A final startup-killer is a leader who cannot recruit and motivate the most talented people for the jobs on which the company's success depends. The simple reality is that if you are not a great leader, it is hard to learn to become one. Moreover, the leadership skills you need to get a company to 10 employees are different than what a 100-person or 1,000-person company requires.

At the startup stage, a great leader has the charisma and track record to conjure up a compelling vision for the company and recruit top talent to come along for the ride of realizing that vision.

Starting up is hard to do and if you can't navigate your venture around these problems, yours will surely perish.


Starting from plumbing, electrical and IT services to managing chefs, chauffeurs and security personnel, has it all! We caught up with the ever enthusiastic CEO of, Adnan Imtiaz Halim, who shared his experiences on the promising startup.

What prompted you to consider starting a service platform such as

It all started from my personal frustrations. After a tiring week at work, we all want a relaxing Friday to get the stress out of our systems. In my case though, Friday was reserved as the special day where I go out and hunt for someone who can properly fix the leaking pipe or repair the broken window at home, without charging a crazy amount. I soon realised that most of my colleagues faced a similar fate. In the context of Bangladesh, the service industry severely lacks professionalism, particularly when it comes to everyday household services—a problem that no one is solving. This is one niche market that we wanted to capitalise on and remove everyday hassle once and for all.

The name itself is quite unique. What does '.xyz' in the name signify?

While conveying our core message was definitely the first priority, we also wanted to add something different that keeps everyone guessing. 'Sheba' refers to 'service for you' while '.xyz' signifies that this startup is a complete solution, one that is ready to solve all the problems and inconvenience that you face when it comes to service.

There are quite a few similar startups that have been in the market for a while now. How does stand out?

I believe that this industry is still in a very premature stage. While we have grown used to ordering products from e-commerce sites, we still cannot imagine placing an order for service in a similar way. A lot of doubt and misconceptions creep in mostly due to the lack of professionalism and safety that we are used to from the conventional mode of accessing everyday services. is the first platform that identifies this core problem. We want more ventures to enter the market because changing social behaviors is a herculean task which alone cannot complete. The market is huge and we still have a long way to go before the real competition arrives.

In the commercial launch, you mentioned that is more than just a business. How does this startup contribute to societal development?

Our vision was always more than just profit. We wanted to leave a positive mark and improve lives in Bangladesh. Through free skills development training, is helping individuals upgrade their skills so that they can take up better jobs in the future. Someone who came in as a maid can now work as a full-time nanny after our grooming program. We are also creating entrepreneurs in the society who are, in turn, crafting jobs for others in the market. By 2018, our aim is to create 10,000 new jobs in Bangladesh.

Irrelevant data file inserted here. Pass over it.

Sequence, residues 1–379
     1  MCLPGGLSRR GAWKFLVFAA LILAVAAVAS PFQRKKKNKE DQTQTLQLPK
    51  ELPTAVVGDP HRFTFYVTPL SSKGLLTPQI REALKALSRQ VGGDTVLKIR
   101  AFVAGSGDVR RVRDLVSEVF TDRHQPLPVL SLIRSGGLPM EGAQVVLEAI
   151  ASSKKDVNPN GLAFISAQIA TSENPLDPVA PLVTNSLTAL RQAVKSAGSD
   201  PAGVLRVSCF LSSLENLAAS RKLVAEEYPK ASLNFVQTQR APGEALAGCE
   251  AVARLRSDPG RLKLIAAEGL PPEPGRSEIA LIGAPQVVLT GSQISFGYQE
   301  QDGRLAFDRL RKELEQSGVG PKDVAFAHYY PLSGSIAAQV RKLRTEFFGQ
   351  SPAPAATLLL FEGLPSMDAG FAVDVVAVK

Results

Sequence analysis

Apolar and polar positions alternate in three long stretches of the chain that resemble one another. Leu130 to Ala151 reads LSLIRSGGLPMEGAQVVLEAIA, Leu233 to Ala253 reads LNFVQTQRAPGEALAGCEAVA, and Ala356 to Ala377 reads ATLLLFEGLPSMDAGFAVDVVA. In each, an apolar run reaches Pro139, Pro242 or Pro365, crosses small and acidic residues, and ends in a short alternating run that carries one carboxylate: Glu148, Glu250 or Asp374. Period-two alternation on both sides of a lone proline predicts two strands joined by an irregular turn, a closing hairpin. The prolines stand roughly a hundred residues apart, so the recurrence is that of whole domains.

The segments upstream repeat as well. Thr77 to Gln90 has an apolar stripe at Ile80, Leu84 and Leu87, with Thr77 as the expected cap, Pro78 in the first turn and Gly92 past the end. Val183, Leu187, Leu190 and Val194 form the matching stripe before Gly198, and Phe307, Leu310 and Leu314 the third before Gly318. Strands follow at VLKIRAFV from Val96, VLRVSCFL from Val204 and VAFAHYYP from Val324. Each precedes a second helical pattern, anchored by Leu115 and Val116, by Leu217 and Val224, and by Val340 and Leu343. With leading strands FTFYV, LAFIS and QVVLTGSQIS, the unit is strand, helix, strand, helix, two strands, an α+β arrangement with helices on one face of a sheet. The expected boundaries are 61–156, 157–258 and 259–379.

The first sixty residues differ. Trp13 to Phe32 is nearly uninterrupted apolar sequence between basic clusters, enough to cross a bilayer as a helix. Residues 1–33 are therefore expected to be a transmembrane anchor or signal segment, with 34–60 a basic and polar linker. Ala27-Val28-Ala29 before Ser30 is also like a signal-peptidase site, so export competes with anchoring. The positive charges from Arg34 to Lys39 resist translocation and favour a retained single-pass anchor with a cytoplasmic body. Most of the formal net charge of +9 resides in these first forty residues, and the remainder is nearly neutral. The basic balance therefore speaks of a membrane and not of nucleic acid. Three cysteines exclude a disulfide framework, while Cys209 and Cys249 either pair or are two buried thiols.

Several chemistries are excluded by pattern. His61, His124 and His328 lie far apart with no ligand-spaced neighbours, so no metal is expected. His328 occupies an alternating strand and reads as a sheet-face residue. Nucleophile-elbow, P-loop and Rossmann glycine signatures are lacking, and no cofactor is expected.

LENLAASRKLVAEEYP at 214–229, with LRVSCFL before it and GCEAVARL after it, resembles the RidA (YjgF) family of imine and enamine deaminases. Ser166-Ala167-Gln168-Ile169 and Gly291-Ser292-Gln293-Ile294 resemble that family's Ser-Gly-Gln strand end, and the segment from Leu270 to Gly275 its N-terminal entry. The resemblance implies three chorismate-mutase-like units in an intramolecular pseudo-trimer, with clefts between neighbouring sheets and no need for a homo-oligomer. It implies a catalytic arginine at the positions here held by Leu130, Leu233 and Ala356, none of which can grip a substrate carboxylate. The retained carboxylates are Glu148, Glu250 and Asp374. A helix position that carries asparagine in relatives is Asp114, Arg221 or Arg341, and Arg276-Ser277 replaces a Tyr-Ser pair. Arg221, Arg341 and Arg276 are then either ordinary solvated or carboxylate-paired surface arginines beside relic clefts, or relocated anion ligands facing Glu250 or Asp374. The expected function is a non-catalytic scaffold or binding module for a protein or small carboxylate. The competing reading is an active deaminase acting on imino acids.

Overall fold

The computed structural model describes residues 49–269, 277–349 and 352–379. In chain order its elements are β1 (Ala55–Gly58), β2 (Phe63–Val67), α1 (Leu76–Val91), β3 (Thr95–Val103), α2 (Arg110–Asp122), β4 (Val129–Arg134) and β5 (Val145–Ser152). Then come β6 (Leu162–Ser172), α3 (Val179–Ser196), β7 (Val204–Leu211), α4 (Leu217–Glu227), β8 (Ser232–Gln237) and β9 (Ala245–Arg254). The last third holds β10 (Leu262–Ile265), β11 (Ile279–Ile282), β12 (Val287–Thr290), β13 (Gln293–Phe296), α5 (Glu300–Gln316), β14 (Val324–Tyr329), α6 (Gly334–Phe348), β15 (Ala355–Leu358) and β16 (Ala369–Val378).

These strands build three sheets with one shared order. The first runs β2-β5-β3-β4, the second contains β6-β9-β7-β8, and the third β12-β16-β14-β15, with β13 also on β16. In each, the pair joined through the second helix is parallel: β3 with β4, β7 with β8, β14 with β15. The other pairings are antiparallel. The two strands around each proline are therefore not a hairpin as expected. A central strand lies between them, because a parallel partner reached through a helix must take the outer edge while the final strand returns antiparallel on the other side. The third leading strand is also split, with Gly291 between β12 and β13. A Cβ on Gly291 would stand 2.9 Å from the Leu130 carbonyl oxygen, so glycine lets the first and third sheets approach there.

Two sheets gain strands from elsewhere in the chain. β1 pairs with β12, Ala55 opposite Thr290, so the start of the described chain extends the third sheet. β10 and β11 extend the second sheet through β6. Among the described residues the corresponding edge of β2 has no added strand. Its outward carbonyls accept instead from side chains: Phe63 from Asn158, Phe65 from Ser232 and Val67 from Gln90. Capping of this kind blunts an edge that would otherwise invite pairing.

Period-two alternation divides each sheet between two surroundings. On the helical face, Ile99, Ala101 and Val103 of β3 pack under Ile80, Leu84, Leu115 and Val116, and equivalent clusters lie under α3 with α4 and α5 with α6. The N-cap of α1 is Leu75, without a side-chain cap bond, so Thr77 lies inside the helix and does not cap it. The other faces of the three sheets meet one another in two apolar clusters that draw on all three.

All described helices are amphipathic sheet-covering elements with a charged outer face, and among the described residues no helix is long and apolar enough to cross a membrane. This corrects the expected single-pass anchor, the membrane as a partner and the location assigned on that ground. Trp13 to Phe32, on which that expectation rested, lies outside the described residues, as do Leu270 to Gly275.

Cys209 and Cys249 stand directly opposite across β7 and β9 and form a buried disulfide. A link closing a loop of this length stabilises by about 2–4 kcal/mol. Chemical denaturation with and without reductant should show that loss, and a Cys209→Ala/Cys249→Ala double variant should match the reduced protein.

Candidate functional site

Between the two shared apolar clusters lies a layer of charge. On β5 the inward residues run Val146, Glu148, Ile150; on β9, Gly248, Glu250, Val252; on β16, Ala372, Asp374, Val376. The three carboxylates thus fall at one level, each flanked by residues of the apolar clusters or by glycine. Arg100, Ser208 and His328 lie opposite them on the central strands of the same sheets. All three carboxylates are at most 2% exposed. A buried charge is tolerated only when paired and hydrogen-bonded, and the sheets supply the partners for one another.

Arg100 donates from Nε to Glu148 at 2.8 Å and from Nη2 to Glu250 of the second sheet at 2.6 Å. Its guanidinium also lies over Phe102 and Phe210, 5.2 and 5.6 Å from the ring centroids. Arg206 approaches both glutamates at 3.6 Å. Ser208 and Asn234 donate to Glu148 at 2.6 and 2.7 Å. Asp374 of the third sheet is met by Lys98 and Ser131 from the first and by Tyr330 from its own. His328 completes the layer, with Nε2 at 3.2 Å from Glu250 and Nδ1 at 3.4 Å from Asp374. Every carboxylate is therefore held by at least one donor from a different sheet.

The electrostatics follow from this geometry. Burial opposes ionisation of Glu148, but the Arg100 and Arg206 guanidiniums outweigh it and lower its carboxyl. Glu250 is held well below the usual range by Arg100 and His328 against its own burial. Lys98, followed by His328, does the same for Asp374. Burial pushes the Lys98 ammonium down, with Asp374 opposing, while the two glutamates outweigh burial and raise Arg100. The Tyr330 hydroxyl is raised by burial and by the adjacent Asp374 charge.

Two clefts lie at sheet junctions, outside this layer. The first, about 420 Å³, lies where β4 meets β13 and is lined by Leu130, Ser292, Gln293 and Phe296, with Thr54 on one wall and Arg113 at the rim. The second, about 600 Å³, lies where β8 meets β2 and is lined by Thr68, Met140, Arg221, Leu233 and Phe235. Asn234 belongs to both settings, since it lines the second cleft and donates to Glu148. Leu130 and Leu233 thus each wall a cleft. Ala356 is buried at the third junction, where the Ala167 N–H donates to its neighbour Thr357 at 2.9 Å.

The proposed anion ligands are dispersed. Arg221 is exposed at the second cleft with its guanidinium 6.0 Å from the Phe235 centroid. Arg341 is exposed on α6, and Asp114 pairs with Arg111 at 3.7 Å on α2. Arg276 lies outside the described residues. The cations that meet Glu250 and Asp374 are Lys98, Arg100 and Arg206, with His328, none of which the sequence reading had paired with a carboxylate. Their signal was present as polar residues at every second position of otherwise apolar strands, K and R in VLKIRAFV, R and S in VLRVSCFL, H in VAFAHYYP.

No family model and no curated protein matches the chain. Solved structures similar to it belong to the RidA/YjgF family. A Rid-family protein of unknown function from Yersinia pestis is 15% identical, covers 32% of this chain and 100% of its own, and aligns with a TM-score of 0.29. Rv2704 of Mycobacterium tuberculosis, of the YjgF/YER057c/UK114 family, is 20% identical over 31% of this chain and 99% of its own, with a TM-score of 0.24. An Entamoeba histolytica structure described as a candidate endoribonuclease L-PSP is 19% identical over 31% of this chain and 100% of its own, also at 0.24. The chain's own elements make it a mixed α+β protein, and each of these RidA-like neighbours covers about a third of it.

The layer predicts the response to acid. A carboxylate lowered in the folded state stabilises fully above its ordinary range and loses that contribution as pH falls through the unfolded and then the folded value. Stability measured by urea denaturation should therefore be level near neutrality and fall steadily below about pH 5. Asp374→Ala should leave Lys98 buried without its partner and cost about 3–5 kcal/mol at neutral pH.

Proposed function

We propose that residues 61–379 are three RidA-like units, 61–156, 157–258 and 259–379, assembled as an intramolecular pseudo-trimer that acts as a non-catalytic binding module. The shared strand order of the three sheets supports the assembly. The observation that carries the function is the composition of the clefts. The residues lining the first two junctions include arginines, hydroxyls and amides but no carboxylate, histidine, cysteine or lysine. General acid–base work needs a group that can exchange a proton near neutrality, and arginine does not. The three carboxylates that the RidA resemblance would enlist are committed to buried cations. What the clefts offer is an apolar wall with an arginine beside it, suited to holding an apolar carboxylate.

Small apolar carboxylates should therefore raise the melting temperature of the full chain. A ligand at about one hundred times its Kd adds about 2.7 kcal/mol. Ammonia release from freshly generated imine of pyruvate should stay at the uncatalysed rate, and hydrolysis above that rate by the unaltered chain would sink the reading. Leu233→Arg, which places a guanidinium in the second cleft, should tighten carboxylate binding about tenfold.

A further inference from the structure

As an entrepreneur, you must have overcome a lot of hurdles to make it this far. What is the biggest challenge that you are facing right now?

The biggest challenge for me is time. 24 hours a day is never enough when you are vested into doing something as difficult as managing a startup. Work-life balance (Does this even exist?) is going out the window and when you finally manage a few minutes to spare, another challenge pops up in no time. But when you are blessed with a supportive family, managing a startup immediately becomes more exciting!

Where do you see in five years?

If we continue working with the same level of dedication and resilience, I see being the first name that comes to mind whenever we need any form of service. And by 'we', I am not just referring to the citizens of Bangladesh. By 2021, will develop into a global company with operations in at least four countries.

What are your views on the tech-based startup circuit in Bangladesh right now?

As an industry, we still have a long way to go. A lot of technical resources need to be invested if we are to pave a smoother path for future ventures. We also need to develop a knowledge sharing culture if we are to reach international standards.  However, the market is gradually heating up and the future looks very promising indeed.

Adnan's top 3 tips to all aspiring entrepreneurs:

1. Be disciplined

2. Never give up, always stay determined

3. Cliched, but the most important one: follow your passion

Entrepreneurship Development / Entrepreneurship to the rescue!
« on: March 06, 2018, 07:15:09 PM »
In 2016, OXFAM released a report that categorically stated that the wealth of the richest 1 percent of individuals was equal to that of 99 percent of the global population. The report further portrayed how eight men owned the same wealth as half of the global population. Even though OXFAM's report was branded as misleading and inaccurate by some, it sheds light on the stark reality of global inequality in wealth and income. Debates surrounding inequality have often focused on creation of job opportunities and a human-capital based approach towards recruitment. Many scholars, however, are promoting a slightly different, and some may say, a more sustainable mechanism to bring about change.